UNITED STATES of America, Plaintiff-Appellee, v. Jon GILES, Defendant-Appellant.
After Jon Giles's DNA was found at the scene of the robbery of North Community Bank, FBI agents interrogated him at the Pontiac Correctional Center where he was serving a prison term for two other bank robberies. Giles confessed to the robbery. Giles argues the district court erred in denying his motion to suppress the confession, because his prolonged solitary confinement prior to the interview rendered him incapable of exercising a voluntary and knowing waiver of his Fifth Amendment rights. Giles also argues that the district court failed to properly address his mitigating arguments at sentencing. For the reasons that follow, we reject these arguments and affirm the orders of the district court.
In 2010, Jon Giles pleaded guilty to state robbery charges. Giles spent the next two years in solitary confinement at Tamms Correctional Center. When Tamms was shuttered, Giles was transferred to Pontiac Correctional Center. He spent one month in general population before returning to isolation from January 2013 until January 2014.
On August 30, 2013, during this period of solitary confinement, FBI agents Timothy Bacha and Michael Lovernick questioned Jon Giles. They were investigating a bank robbery at North Community Bank that took place in 2009. DNA recovered from a glove found near the crime scene matched Giles's DNA. The glove was found next to dye-stained money stolen from the bank.
At first, Giles refused to meet with the agents. Robin Lopeman, a Pontiac correctional officer, approached Giles's cell with Bacha's business card. Giles requested that she show the card to Robert Hall, a fellow inmate and former gang associate, following a “home-grown” prison custom of letting other inmates know where you are going and who you are talking to. Hall shouted his consent and Giles agreed to speak to the agents.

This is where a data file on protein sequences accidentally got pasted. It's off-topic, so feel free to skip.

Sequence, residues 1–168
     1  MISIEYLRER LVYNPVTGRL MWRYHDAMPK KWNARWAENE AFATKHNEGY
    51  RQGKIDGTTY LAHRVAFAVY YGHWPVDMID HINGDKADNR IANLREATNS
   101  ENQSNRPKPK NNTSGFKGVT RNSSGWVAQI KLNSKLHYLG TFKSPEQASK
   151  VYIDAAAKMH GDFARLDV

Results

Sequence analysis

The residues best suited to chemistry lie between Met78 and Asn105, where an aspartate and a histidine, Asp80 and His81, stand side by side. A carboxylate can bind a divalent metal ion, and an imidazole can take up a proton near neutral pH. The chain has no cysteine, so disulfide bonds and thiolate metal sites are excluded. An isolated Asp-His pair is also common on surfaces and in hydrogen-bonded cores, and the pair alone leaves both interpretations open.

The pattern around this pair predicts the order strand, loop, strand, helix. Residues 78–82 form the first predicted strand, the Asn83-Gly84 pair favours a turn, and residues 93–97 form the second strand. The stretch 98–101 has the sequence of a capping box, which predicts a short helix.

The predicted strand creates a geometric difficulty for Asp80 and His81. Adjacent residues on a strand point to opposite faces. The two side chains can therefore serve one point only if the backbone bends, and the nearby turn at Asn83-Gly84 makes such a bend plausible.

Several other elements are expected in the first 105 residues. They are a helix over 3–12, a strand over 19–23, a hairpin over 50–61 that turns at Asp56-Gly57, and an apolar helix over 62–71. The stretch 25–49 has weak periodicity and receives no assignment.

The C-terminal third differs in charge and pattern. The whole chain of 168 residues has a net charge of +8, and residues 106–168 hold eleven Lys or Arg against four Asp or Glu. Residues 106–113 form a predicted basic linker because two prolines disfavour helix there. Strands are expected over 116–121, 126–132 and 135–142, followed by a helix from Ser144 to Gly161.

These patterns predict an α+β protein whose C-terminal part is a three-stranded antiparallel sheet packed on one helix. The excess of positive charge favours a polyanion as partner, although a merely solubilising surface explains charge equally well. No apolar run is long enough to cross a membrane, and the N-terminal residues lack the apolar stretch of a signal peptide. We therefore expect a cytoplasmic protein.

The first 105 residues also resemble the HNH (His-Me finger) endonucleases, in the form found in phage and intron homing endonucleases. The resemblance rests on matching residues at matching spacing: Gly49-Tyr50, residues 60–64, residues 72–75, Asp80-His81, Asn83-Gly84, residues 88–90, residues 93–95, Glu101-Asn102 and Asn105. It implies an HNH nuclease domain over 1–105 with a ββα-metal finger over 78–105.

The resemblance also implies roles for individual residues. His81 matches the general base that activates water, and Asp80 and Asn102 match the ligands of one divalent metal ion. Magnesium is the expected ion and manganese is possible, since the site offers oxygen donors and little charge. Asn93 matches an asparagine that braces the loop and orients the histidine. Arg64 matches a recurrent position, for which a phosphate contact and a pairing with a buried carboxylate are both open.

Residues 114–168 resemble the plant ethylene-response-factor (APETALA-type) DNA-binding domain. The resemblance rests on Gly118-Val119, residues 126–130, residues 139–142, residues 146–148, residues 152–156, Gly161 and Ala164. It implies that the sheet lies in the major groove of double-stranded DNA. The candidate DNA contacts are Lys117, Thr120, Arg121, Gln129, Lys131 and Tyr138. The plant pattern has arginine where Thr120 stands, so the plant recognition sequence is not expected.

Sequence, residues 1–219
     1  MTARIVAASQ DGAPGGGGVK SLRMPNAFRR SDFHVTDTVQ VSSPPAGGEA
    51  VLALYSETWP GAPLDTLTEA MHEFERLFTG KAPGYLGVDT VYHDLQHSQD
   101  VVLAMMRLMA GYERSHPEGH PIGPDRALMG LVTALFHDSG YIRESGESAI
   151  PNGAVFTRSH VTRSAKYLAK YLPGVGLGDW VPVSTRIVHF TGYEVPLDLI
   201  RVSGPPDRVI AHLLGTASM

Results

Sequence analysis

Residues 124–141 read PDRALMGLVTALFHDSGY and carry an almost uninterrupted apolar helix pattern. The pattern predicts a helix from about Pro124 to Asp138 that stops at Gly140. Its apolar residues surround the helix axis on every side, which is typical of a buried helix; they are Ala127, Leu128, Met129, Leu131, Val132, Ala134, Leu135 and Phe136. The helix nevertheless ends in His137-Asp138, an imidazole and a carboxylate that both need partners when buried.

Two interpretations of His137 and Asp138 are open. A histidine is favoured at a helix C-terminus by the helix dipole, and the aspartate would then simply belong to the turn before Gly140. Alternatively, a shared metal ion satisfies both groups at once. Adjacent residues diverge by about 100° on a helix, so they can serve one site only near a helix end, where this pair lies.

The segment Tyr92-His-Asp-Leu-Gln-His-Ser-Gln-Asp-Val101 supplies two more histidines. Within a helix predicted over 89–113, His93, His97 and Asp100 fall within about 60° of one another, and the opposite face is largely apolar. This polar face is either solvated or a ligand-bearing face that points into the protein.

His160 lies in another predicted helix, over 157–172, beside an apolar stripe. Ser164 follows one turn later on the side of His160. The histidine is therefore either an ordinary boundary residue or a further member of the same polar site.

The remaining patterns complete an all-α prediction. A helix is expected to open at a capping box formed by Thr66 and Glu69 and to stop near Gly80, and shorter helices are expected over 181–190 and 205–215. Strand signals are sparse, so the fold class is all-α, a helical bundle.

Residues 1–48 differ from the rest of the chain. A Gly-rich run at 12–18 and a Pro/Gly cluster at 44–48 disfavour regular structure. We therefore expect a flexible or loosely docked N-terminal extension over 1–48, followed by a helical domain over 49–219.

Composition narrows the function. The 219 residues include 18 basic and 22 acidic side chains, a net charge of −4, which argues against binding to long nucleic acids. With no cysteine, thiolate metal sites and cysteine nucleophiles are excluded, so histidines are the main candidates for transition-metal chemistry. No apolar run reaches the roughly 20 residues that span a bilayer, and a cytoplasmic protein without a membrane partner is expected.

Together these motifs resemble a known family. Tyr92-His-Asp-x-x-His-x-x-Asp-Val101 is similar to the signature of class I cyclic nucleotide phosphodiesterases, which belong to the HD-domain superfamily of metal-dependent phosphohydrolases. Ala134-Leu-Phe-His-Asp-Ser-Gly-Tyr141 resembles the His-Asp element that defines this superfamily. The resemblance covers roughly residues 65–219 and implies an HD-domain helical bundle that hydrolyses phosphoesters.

Bacha and Lovernick read Giles his Miranda rights, and he agreed in writing to be questioned without an attorney present. Giles initially denied his involvement in the North Community Bank robbery until he was shown the DNA report and photographs of the dyed money. Giles then confessed to the robbery and agreed to a cheek swab after being advised of his right to refuse. The swab matched the DNA found on the glove.
Giles was indicted on March 4, 2014, on one count of bank robbery under 18 U.S.C. § 2113 and one count of using a firearm in relation to a crime of violence under 18 U.S.C. § 924(c). He moved to suppress the confession, arguing that neither his Miranda waiver nor his confession were made voluntarily. In support of this claim, Giles cited his long-term confinement in a “small windowless cell” which provided little opportunity for human interaction. Giles said his mental state was “precarious” and that he had experienced symptoms of “acute anxiety attacks, insomnia ․ uncontrollable rage” and “hallucinations.”
At an evidentiary hearing, Giles called psychiatrist Dr. Silberberg who testified that he conducted a forensic psychiatric evaluation of Giles on November 4, 2014, and had reviewed administrative and medical records. Dr. Silberberg stated that prolonged isolation could result in impaired memory, attention, and concentration. Isolation could also affect the ability to make rational decisions, and cause mood disorders. He testified that the effects could be temporary, and that a person might be competent at one point in time but not another. Dr. Silberberg recited Giles's medical history, which included treatment for psychological disorders and repeated head trauma, and concluded that Giles would be particularly vulnerable to the effects of isolation. He concluded that Giles did not appreciate the significance of the Miranda warning and that his confession was not voluntary.